Washington’s secret talks with Syria’s branch of the PKK

Foreign Policy reports: Every day, the jihadists of the Islamic State (IS) advance closer to Kobani, a predominantly Kurdish town in northern Syria, close to the Turkish border. As the Islamic State rains down mortars on the town, the vastly outgunned People’s Protection Units (YPG), a Kurdish militia, are attempting to resist the weeks-long assault. While Turkish troops watch from across the border and the U.S.-led air campaign continues, none of the powerful forces in the region have intervened decisively — leaving the YPG to face the jihadist advance on its own.

The United States has rejected formal relations with the Democratic Union Party (PYD), the party that is essentially the political wing of the YPG. The PYD, which has ruled Kobani and other Kurdish enclaves inside Syria since President Bashar al-Assad’s forces withdrew in July 2012, is affiliated with the Kurdistan Workers Party (PKK), a militant organization that has fought Turkey since 1984 — and has consequently been listed as a terrorist organization by both Turkey and the United States. But interviews with American and Kurdish diplomats show that Washington opened indirect talks with the PYD years ago, even as it tried to empower the group’s Kurdish rivals and reconcile them with the Free Syrian Army (FSA).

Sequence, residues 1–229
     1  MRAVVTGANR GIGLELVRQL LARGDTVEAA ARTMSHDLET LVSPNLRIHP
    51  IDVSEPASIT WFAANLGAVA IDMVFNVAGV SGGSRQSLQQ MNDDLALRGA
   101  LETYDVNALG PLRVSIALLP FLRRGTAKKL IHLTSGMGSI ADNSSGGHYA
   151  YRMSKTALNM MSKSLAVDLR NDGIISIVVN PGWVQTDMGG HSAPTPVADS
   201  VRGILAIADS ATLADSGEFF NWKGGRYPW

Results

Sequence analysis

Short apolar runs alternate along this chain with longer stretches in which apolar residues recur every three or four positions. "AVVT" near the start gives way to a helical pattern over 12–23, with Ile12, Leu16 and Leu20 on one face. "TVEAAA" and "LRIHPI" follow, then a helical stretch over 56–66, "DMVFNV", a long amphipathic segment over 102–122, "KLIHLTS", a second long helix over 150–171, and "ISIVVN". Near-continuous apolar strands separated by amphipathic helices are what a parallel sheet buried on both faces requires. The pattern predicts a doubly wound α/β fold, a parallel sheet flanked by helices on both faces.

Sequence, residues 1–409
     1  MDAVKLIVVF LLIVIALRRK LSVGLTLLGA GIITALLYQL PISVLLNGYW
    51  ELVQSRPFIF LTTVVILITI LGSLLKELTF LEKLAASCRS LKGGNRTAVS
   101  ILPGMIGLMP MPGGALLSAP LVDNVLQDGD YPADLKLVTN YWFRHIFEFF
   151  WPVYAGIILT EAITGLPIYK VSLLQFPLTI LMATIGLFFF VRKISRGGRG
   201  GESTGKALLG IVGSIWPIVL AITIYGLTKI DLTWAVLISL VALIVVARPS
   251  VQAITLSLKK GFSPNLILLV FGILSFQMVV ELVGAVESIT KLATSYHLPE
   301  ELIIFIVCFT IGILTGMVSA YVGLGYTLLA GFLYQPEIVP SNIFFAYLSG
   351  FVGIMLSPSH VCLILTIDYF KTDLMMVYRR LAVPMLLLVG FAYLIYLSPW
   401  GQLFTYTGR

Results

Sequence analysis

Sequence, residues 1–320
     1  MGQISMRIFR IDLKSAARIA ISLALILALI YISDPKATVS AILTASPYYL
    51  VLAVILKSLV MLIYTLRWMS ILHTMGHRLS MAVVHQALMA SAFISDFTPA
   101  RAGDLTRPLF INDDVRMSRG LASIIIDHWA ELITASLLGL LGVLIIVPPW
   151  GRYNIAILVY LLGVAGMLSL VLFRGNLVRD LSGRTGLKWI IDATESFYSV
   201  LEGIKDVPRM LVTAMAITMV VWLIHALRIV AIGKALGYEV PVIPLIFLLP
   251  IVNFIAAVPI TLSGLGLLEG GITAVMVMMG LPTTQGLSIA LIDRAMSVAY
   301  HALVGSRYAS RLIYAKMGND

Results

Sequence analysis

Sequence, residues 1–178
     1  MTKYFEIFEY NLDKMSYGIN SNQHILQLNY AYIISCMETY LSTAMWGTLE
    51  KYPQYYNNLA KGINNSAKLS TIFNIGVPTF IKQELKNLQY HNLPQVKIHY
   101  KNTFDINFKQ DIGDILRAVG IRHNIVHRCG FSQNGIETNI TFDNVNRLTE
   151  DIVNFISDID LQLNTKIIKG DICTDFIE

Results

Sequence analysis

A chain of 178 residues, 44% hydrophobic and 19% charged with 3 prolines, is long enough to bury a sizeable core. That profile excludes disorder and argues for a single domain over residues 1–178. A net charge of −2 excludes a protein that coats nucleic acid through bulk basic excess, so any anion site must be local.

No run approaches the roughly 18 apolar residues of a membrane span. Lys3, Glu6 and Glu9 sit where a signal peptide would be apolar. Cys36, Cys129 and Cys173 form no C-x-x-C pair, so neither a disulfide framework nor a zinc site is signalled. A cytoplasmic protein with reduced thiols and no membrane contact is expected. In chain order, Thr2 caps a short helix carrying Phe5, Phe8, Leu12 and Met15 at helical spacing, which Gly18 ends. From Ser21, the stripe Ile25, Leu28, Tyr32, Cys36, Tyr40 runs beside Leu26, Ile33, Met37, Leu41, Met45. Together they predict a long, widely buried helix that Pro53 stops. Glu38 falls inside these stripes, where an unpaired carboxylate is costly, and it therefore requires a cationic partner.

Though Washington has declined PYD requests for formal talks, the United States opened indirect talks with the group in 2012, former U.S. Ambassador to Syria Robert Ford told Foreign Policy. “We did meet someone who was an intermediary between the U.S. and the PYD. We met him on several occasions: myself once, and other diplomats on other occasions,” Ford said. The talks happened “maybe once every six months” and were mediated by a “Syrian citizen in Europe,” according to Ford.

The talks have continued since Ford’s departure and are conducted through the U.S. Embassy in Paris, two Kurdish sources familiar with the meetings told Foreign Policy. “They’re just briefing each other [on developments in Syria]. We’re not sure if the contact is going further, to the top of the administration in the U.S.,” one of the Kurdish sources said. Both Ford and the Kurds declined to identify the intermediary.

Concerns about a possible backlash from Ankara shaped Washington’s approach to the talks. [Continue reading…]

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